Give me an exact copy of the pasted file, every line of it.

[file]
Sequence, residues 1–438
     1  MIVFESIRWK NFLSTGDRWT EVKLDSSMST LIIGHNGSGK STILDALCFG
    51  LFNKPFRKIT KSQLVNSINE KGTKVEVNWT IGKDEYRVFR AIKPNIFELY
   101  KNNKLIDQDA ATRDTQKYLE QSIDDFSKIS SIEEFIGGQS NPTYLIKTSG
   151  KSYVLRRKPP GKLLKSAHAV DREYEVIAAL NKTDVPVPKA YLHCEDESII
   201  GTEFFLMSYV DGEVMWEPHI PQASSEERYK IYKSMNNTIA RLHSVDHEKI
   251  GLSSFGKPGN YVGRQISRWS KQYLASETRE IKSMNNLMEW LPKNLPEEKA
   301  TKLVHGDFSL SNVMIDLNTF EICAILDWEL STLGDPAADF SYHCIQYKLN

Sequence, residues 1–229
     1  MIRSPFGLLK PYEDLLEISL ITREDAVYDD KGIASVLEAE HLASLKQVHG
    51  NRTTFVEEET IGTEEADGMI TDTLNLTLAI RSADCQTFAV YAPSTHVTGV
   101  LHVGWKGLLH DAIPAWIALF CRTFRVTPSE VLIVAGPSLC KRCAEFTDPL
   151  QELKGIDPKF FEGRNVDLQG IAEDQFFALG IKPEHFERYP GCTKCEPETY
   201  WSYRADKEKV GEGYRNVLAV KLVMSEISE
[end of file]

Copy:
Sequence, residues 1–438
     1  MIVFESIRWK NFLSTGDRWT EVKLDSSMST LIIGHNGSGK STILDALCFG
    51  LFNKPFRKIT KSQLVNSINE KGTKVEVNWT IGKDEYRVFR AIKPNIFELY
   101  KNNKLIDQDA ATRDTQKYLE QSIDDFSKIS SIEEFIGGQS NPTYLIKTSG
   151  KSYVLRRKPP GKLLKSAHAV DREYEVIAAL NKTDVPVPKA YLHCEDESII
   201  GTEFFLMSYV DGEVMWEPHI PQASSEERYK IYKSMNNTIA RLHSVDHEKI
   251  GLSSFGKPGN YVGRQISRWS KQYLASETRE IKSMNNLMEW LPKNLPEEKA
   301  TKLVHGDFSL SNVMIDLNTF EICAILDWEL STLGDPAADF SYHCIQYKLN

Sequence, residues 1–229
     1  MIRSPFGLLK PYEDLLEISL ITREDAVYDD KGIASVLEAE HLASLKQVHG
    51  NRTTFVEEET IGTEEADGMI TDTLNLTLAI RSADCQTFAV YAPSTHVTGV
   101  LHVGWKGLLH DAIPAWIALF CRTFRVTPSE VLIVAGPSLC KRCAEFTDPL
   151  QELKGIDPKF FEGRNVDLQG IAEDQFFALG IKPEHFERYP GCTKCEPETY
   201  WSYRADKEKV GEGYRNVLAV KLVMSEISE